New, improved method for identifying proteins in MS data

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  • Published: Nov 16, 2015
  • Author: Jon Evans
  • Source: University of California, San Diego
  • Channels: HPLC / Laboratory Informatics / Base Peak / Chemometrics & Informatics

An international team of researchers has developed a method able to identify up to twice as many proteins and peptides in mass spectrometry data as conventional approaches.

Termed MSPLIT-DIA (mixture-spectrum partitioning using libraries of identified tandem mass spectra), the method can be applied to a range of fields, including clinical settings and fundamental biology research for cancer and other diseases. The key to the new method's improved performance is its ability to compare data to so-called spectral libraries – essentially a pattern-matching exercise – rather than individual spectra or a database of sequences.

The team reports this study in Nature Methods. "You can integrate our method with existing pipelines to increase performance by up to three- to four-fold," said Nuno Bandeira, a professor at the Jacobs School of Engineering and the Skaggs School of Pharmacy at the University of California, San Diego and the study's senior author.

The advance is particularly important because many research teams are now switching to an approach known as data-independent acquisition, which captures a wealth of raw data instead of running data analysis on a few elements at random (selected from a distribution based on peptide intensities). The amount of data produced by this approach has created a bottleneck for existing computational tools. "We needed a new data analysis method," said Bandeira.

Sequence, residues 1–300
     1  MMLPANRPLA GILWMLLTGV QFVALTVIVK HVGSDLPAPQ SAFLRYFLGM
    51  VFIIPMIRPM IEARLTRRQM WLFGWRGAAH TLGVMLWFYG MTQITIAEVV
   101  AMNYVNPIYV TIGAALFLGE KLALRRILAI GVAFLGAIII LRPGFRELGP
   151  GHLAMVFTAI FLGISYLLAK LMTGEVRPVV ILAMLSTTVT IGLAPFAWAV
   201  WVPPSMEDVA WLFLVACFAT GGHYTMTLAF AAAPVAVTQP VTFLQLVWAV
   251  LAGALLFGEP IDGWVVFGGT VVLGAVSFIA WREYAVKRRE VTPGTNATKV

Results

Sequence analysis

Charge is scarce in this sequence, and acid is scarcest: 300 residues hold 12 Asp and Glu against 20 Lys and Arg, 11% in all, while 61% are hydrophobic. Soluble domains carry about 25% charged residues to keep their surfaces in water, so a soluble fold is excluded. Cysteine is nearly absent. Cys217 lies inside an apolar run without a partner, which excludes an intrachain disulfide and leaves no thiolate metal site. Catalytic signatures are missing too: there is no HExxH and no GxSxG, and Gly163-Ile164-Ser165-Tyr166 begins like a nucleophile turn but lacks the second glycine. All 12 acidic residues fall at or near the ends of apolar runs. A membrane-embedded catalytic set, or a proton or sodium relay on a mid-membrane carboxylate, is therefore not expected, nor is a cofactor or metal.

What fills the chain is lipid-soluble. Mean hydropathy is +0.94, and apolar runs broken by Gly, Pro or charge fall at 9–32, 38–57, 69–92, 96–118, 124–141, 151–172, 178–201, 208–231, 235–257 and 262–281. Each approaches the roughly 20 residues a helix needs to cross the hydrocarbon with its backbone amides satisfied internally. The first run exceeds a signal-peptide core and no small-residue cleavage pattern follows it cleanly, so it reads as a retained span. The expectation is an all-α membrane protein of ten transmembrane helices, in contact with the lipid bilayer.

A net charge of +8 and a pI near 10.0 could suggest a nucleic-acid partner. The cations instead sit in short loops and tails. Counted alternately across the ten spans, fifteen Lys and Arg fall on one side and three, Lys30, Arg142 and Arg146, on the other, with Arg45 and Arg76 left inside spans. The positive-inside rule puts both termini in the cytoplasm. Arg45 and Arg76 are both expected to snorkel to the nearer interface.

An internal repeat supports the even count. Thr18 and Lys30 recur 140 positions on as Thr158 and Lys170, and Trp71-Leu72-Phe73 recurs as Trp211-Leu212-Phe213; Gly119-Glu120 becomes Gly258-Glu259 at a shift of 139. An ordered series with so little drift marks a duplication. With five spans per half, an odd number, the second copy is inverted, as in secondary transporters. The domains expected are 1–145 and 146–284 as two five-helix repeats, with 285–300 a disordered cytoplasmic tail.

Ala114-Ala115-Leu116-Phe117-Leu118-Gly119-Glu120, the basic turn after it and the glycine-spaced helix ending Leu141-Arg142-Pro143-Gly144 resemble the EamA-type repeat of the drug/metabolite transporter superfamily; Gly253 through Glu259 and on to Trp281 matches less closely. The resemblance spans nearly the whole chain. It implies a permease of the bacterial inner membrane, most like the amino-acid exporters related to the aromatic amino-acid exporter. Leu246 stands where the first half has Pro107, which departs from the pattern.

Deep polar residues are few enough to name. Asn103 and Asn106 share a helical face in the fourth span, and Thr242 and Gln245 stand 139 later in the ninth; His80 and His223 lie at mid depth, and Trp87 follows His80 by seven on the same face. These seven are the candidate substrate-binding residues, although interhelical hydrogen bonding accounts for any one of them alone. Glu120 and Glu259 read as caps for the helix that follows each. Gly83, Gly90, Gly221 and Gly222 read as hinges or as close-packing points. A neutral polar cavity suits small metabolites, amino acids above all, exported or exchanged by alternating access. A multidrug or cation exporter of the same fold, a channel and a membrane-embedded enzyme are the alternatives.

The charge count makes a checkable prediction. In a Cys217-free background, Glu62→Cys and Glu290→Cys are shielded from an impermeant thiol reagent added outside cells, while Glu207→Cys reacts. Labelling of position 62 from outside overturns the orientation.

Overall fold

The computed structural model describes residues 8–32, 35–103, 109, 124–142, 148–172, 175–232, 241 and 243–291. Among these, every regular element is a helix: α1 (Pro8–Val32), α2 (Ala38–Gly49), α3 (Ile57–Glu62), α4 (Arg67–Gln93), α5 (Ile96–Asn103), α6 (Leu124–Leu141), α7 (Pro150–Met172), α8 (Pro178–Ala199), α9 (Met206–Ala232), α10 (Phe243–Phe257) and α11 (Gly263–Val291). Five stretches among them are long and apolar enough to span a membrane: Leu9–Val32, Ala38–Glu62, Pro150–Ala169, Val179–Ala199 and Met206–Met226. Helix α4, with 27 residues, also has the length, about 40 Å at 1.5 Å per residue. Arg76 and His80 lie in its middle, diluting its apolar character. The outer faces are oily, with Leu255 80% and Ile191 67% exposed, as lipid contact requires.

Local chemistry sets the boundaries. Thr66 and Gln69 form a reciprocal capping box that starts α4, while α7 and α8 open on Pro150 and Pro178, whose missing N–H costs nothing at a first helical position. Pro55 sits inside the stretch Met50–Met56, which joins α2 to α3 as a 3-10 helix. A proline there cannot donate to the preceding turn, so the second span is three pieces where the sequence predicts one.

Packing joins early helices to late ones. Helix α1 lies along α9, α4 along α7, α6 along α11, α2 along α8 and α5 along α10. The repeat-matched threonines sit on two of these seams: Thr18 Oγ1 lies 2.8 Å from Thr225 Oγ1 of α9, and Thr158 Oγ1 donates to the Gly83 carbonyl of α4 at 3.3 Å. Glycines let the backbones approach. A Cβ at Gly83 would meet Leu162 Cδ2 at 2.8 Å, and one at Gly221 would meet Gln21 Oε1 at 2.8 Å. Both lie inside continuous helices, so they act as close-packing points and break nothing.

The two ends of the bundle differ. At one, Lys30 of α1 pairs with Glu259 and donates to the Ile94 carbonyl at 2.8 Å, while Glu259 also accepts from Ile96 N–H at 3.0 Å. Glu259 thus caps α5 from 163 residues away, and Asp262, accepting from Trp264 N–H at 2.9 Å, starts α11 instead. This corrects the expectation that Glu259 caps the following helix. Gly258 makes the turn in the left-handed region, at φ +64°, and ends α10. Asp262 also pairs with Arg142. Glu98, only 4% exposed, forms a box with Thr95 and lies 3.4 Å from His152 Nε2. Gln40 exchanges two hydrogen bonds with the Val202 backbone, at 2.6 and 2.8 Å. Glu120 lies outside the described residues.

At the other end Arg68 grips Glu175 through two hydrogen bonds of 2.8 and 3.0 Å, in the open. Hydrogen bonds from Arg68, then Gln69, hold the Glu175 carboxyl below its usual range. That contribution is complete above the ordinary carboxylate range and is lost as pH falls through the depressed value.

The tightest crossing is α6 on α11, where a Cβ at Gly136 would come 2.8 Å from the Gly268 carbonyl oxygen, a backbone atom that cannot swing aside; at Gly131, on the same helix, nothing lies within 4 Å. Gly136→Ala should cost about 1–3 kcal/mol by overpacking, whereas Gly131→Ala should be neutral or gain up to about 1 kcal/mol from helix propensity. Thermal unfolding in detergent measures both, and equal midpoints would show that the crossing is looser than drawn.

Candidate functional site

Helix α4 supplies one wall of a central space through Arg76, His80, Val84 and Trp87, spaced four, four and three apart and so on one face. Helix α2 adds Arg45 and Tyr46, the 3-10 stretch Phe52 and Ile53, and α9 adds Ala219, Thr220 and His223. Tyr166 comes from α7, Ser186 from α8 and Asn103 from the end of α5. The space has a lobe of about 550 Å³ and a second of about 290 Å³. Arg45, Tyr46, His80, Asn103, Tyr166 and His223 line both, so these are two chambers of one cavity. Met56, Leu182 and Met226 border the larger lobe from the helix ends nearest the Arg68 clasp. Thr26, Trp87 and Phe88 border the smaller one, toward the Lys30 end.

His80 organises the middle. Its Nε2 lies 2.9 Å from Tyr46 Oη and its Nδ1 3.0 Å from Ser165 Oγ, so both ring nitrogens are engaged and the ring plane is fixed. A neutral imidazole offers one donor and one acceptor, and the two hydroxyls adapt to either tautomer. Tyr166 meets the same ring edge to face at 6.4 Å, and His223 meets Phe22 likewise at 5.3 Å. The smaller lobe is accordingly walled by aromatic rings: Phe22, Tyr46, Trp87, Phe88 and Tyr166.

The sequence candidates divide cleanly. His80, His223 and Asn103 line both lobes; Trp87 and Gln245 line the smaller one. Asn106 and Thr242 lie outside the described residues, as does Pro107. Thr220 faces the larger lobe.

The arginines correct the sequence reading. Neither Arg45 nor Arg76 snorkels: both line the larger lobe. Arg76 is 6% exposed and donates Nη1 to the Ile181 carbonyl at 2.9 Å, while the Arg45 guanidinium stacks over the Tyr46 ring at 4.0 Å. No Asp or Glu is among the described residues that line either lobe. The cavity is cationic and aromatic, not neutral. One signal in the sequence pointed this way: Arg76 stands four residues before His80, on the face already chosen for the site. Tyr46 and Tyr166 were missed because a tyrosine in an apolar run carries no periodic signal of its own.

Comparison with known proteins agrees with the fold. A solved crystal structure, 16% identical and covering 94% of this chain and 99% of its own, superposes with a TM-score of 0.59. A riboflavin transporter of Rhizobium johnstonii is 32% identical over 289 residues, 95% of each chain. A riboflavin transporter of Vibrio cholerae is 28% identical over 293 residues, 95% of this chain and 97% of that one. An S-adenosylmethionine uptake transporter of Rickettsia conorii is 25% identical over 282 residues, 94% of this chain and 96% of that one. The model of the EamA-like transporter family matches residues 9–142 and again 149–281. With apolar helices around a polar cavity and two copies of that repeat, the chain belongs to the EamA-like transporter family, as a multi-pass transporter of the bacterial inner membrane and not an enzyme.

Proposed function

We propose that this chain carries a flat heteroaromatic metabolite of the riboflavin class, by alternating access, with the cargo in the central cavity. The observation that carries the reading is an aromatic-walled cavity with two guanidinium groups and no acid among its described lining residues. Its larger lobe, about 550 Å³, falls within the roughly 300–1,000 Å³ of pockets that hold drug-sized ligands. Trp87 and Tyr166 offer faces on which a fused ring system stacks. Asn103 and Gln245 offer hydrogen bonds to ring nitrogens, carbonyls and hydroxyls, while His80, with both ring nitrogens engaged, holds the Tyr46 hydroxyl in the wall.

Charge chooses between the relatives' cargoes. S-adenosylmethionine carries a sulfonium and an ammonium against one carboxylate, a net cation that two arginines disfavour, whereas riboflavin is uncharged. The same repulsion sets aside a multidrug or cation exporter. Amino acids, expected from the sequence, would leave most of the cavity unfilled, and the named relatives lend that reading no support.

Bandeira's research group focuses on building spectral network algorithms that analyze pairs of overlapping peptide spectra generated during mass spectrometry experiments. The algorithms detect patterns that the pairs have in common and then look for these patterns in other spectra, which considerably speeds up the process of identifying the peptides and their parent proteins. Traditional methods compare spectra either against databases or against spectra that have already been identified.

In the Nature Methods paper, the researchers report being able to identify twice as many peptides in human samples compared with traditional methods. They also observed 40% more protein-on-protein interactions. "The results are more stable and easier to reproduce" when compared with traditional methods, Bandeira said.

Next steps include speeding up the process, which currently takes roughly twice as long as traditional methods. The method will also have to be fine-tuned for the next generation of mass spectrometers. "We also want to start seeing how we can capitalize on this to analyze a full cohort of data," Bandeira said.

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